In the tradition of abusing high-level Linux tools to produce useful low-level data, I present a method for estimating peak memory usage in Linux by text-processing the output from strace:
This Perl script invokes an arbitrary command via strace. It adds up memory allocated by mmap2() with no location hint and the file handle set to -1, this is the way that malloc() typically allocates large amounts of memory. It also counts calls to brk(), and subtracts the sizes of munmap() calls for maps that were previously counted. It outputs the current memory usage rounded off to the nearest megabyte, whenever that number changes.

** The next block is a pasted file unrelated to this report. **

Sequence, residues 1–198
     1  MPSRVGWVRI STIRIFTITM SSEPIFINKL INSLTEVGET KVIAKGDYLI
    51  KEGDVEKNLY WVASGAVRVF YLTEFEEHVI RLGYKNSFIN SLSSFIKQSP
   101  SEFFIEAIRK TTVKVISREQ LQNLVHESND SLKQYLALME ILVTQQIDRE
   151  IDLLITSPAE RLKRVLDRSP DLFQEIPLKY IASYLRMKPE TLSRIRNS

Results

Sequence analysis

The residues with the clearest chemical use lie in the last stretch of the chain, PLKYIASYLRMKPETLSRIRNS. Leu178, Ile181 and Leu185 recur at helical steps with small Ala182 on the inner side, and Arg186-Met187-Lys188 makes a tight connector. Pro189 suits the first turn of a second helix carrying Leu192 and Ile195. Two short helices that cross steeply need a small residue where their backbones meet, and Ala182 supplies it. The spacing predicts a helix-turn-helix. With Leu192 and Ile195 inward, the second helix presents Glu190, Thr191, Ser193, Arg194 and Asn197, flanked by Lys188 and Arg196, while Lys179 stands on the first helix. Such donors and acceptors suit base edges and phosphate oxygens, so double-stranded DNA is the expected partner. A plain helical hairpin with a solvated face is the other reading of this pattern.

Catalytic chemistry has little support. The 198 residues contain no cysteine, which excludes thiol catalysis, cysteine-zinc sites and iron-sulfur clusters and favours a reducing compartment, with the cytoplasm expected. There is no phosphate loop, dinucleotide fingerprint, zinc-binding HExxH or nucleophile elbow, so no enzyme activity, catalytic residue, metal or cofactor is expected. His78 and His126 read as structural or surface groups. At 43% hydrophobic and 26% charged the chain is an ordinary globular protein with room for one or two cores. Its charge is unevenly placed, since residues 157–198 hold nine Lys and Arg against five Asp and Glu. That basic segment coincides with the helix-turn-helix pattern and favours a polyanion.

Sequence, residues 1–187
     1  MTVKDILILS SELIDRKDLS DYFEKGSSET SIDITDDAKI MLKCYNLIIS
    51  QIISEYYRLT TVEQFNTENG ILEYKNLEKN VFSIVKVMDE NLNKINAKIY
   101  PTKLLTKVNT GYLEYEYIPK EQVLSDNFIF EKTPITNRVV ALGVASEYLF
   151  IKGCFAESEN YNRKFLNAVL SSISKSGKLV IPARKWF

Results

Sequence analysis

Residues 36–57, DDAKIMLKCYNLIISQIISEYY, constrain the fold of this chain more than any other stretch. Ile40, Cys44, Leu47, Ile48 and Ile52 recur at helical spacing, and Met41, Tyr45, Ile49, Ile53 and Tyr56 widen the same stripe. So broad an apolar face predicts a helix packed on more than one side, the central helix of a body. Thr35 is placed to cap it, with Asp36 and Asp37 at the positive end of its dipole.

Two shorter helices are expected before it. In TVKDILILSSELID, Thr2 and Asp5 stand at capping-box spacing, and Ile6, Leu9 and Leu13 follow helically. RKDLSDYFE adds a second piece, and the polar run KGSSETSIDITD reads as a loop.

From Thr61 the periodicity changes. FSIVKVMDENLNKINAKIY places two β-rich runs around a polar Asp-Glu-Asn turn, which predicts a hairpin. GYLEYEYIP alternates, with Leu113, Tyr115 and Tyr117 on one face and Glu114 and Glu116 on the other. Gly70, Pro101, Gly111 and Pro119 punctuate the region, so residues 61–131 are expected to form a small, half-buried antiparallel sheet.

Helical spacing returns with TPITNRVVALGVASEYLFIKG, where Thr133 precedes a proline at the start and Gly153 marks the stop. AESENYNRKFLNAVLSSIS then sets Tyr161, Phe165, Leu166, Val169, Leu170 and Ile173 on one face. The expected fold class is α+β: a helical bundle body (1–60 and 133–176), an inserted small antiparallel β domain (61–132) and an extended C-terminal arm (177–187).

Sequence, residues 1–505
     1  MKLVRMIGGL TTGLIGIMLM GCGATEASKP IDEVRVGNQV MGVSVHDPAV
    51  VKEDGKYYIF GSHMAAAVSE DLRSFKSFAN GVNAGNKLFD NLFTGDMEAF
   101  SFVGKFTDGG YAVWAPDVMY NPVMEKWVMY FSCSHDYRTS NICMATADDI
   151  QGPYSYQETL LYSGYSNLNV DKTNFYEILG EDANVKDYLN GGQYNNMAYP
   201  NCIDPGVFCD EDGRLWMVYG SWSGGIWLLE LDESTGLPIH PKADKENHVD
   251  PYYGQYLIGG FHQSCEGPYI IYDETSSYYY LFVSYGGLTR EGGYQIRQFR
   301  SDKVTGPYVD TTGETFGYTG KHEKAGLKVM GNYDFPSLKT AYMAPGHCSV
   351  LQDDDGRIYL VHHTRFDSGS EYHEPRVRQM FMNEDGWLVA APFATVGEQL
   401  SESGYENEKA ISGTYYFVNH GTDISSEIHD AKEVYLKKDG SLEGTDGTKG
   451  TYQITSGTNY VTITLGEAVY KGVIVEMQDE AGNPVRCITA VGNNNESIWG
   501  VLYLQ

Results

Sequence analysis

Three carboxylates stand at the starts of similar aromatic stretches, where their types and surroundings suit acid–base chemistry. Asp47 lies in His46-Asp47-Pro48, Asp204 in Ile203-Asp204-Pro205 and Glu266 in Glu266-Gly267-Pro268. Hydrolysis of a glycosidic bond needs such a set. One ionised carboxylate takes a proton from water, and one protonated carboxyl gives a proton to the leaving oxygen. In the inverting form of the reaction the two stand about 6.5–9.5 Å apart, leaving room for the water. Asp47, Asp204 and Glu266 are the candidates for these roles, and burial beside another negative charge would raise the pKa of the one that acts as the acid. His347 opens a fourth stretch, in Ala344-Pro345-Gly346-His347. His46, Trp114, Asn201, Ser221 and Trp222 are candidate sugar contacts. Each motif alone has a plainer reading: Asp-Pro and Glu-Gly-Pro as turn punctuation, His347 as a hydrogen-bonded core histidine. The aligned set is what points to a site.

Other methods for measuring peak memory usage typically revolve around polling /proc for resident set size (RSS), this potentially misses short-lived allocations. The GNU time command (/usr/bin/time, not the one built in to bash) can show peak RSS, but in some applications this can be a vast overestimate of physical memory usage, due to the way Linux counts RSS.
My method provides a reasonable estimate of the amount of memory allocated with malloc(). That can be a useful thing to know.